Why the Present Value of a Future Cash Flow is Crucial to a Real Estate Analysis
Present Value Concerns Time Value of Money
Understanding the concept of present value is essential for any sound investment real cash flow analysis because it might (and often does) ultimately lead to an investment property decision.
So if you are engaged in real estate investing then this one's for you.
Because in this article we are going to discuss present value and how this time value of money concept can play a major role in your next real estate investment decision.
What is Present Value?
The idea is straightforward.
The concept is that the money you might collect in a year or two from a rental property will not have the same purchasing power as it would today due to the annual rate of inflation, which over time, eats away at the purchasing power of the dollar.
As a real estate investor, then, time value of money is essential for you to consider.
Consequently, you would want to calculate the present value of a future cash flow (or series of cash flows) to establish the cash flow an income-producing property generates in today's dollars. This way you can determine what that property is worth to you today.
The present value of a future cash flow utilizes a discount rate to compute the worth of those dollars to today’s dollars.
Think of it this way.
Rather than adding value to (say) money placed in a savings account with compound interest over several years, discounting reverses the process. That is, it reduces the value of money you might collect in the next several years at a given discount rate to figure out its current worth.
Here's a good rule of thumb.
When choosing an appropriate discount rate for calculating present value of a future cash flow answer the question, "What rate of return could I reasonably expect to achieve by investing the same amount of money in a similar investment with comparable risk?" In other words, "What else is competing for my investment dollar, and what does it return?"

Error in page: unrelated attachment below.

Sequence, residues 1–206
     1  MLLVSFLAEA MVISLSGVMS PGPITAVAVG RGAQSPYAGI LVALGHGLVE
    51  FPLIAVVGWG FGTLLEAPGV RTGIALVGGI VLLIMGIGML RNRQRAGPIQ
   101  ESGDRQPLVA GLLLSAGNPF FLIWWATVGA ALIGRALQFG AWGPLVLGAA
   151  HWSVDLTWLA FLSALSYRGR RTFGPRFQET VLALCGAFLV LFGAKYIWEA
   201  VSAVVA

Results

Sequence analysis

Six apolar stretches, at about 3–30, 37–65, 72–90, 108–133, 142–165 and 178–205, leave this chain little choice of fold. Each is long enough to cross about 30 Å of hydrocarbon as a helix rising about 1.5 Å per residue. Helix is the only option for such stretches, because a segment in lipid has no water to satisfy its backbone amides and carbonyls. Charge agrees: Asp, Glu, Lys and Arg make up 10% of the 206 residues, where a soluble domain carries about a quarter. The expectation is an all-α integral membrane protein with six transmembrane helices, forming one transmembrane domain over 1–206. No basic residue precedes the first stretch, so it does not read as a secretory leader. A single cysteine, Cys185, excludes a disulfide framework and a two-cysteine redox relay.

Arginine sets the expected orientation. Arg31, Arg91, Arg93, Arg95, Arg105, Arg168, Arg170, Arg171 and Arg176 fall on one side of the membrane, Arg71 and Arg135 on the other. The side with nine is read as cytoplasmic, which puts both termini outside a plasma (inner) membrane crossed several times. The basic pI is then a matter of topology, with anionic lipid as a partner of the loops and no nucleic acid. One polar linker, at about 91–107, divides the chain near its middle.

PV = FV/(1 + r)n
Where r is the rate per period and n is the number of periods.
Okay, let's consider a simplified example that ignores annual cash flow and deals only with the present worth of the single cash flow you expect to collect when the property is sold.
Assume you're looking at a rental property you believe can be sold at the end of five years for $700,000. You decide that your desired rate of return is 11.0% per year and want to know what the property is worth to you today so you can determine what price you should pay for the rental property in order to achieve your desired rate of return.
Here's what you do.
Solve for the present value of the future value anticipated in x-number of years by discounting that future value using your desired rate of return as the discount rate.
In this case, the future value is $700,000, the number of years is five, the discount rate (your desired rate of return) is 11.0% per year, and the result is $415,416 (rounded).
In other words, if you purchase the property for no more than $415,416 and are able to sell it in five years for $700,000, you will earn a rate of return of 11.0% per year.
As a real estate investor you can see why present value should be of keen interest.
However, it is not a calculation that can be run in your head. In this case, you can consider using Excel, or better yet, a good real estate analysis software or real estate calculator solution that includes computations for present value and other time value of money returns.
About the Author
James Kobzeff is a real estate professional and the owner/developer of ProAPOD - leading real estate investment software solutions since 2000. Create cash flow, rates of return, and profitability analysis on rental property at your fingertips in minutes! Learn more at www.proapod.com
ProAPOD also provides iCalculator - an online real estate calculator that enables you to learn dozens of real estate definitions and formulas as you calculate. You save 64%. Learn more at real estate calculator
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